Figure 1: Map of basins with assessed shale oil and gas formations, as of May 2013.From US Energy Information Administration and US Geological Survey (2).Source: United States basins from U.S. Energy Information Administration and United States Geological Survey; other basins from ARI based on data from various published studies.
Figure 1:

Map of basins with assessed shale oil and gas formations, as of May 2013.

From US Energy Information Administration and US Geological Survey (2).

Source: United States basins from U.S. Energy Information Administration and United States Geological Survey; other basins from ARI based on data from various published studies.

Health and environmental impacts

While the economic impacts of being able to access these natural gas deposits have already been considerable, there are also a number of concerns about human health impacts, both long and short term. The amount of water used per well is enormous, and many wells in the US are in places where adequate water supply is already a concern. Furthermore, up to 40% of the injected water comes back as produced water, containing chemicals, unusually high salt concentrations from primeval deposits, and naturally-occurring radioactive materials. The disposal of the produced water is a major problem, as conventional waste-water treatment plants are usually not capable of removing the chemicals or radioactive compounds. Ground and surface water contamination has been reported (4, 5) resulting from transportation spills, well casing leaks, leaks through the fractured rock, and wastewater disposal. Methane contamination of drinking water is a concern (6). In some places there was sufficient methane in household drinking water such that water from the kitchen sick could be lit by a flame. Depending upon the nature of the rock formations, the flow-back water may contain significant levels of radium. Radium, unlike uranium or thorium, is relatively water soluble, and the two principal isotopes have half-lives of 1600 and 5.75 years. In the Marcellus shale in Eastern United States the produced water had a median radium activity 2460 pCi/L, which is extremely high compared with the drinking water limit of 5 pCi/L and the limit for industrial effluent of 60 pCi/L (7). Because the produced water contains high salt concentrations there have been occasions where it was spread on roads for ice control in the winter without anyone monitoring levels of radioactivity. Since radium decays to radon gas, which has a half-life of 3.8 days, there is also some concern about levels of radon in natural gas. Radon radioactivity measured in natural gas samples obtained from 11 wells in Pennsylvania ranged from 1 to 79 pCi/L (8).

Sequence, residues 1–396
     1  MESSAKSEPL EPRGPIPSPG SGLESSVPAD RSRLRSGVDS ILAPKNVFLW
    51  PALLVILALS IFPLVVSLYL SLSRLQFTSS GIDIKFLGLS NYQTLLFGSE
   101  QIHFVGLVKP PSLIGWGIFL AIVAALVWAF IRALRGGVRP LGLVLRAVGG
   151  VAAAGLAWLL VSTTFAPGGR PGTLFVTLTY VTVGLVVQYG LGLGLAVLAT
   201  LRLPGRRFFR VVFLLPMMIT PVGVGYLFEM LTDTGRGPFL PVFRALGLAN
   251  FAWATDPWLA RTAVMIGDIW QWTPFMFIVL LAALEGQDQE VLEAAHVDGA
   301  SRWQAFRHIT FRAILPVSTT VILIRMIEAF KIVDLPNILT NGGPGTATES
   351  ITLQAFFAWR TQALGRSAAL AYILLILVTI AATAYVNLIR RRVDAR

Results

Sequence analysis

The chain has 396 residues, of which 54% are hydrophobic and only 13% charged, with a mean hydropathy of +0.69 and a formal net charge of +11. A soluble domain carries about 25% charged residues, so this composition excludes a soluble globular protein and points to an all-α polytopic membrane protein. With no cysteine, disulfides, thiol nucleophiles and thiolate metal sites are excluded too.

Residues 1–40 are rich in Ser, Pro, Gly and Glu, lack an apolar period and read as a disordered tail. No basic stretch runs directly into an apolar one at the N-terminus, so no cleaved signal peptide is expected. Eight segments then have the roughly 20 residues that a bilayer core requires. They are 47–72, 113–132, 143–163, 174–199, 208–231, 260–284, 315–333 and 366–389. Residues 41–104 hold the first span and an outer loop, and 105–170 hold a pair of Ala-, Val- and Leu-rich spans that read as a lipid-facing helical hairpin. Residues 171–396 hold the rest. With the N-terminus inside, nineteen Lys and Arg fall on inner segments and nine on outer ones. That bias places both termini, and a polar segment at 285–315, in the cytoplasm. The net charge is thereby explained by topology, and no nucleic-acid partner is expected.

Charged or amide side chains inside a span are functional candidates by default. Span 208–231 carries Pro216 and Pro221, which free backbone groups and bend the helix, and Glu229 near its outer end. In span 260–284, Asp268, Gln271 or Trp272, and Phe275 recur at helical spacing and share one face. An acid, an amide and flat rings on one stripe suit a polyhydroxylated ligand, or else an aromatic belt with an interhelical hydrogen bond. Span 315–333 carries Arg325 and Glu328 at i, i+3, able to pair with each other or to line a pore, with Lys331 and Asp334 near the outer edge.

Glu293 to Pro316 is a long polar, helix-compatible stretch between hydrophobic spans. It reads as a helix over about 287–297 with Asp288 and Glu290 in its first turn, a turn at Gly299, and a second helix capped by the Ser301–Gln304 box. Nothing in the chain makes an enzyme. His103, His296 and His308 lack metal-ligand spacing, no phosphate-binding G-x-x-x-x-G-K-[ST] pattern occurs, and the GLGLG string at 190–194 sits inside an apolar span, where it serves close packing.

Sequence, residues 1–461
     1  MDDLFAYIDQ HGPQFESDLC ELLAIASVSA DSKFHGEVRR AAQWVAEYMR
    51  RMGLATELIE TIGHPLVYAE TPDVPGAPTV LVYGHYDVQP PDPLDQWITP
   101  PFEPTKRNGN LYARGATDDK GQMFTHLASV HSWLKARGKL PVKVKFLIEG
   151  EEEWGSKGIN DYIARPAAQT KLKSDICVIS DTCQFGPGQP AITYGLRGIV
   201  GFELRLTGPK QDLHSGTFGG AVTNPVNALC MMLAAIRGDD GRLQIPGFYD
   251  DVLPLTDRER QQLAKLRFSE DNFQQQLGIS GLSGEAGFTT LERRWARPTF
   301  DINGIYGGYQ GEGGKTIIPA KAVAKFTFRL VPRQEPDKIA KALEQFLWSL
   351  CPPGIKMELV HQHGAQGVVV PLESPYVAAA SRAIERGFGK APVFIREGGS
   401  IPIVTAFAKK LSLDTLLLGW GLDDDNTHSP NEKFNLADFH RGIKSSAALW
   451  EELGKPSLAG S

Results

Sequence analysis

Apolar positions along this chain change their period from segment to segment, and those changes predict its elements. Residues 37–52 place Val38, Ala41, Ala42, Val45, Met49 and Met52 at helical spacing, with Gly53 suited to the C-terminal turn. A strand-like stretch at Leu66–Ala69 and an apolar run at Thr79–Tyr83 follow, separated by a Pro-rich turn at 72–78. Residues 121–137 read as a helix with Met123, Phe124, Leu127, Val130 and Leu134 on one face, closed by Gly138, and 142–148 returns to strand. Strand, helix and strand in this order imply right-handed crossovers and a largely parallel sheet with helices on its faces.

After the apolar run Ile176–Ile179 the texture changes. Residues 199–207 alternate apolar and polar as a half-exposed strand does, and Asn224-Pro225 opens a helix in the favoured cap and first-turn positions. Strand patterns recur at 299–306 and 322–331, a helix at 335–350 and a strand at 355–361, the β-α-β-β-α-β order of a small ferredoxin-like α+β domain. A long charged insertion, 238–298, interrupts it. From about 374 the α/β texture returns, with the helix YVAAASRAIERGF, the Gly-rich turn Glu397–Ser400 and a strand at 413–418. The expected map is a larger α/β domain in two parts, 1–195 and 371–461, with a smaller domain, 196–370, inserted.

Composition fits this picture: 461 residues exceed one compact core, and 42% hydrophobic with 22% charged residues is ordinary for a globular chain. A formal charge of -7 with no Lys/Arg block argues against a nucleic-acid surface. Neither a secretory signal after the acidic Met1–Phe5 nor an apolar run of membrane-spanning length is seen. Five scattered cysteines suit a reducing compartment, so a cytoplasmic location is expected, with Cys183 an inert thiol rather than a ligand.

One solution for dealing with produced water has been to inject it deep into the earth. This, however, has resulted in a sharp increase in earthquakes (9). Fortunately to date none have been large, but the frequency with which they occur in areas with deep injection indicates potential danger.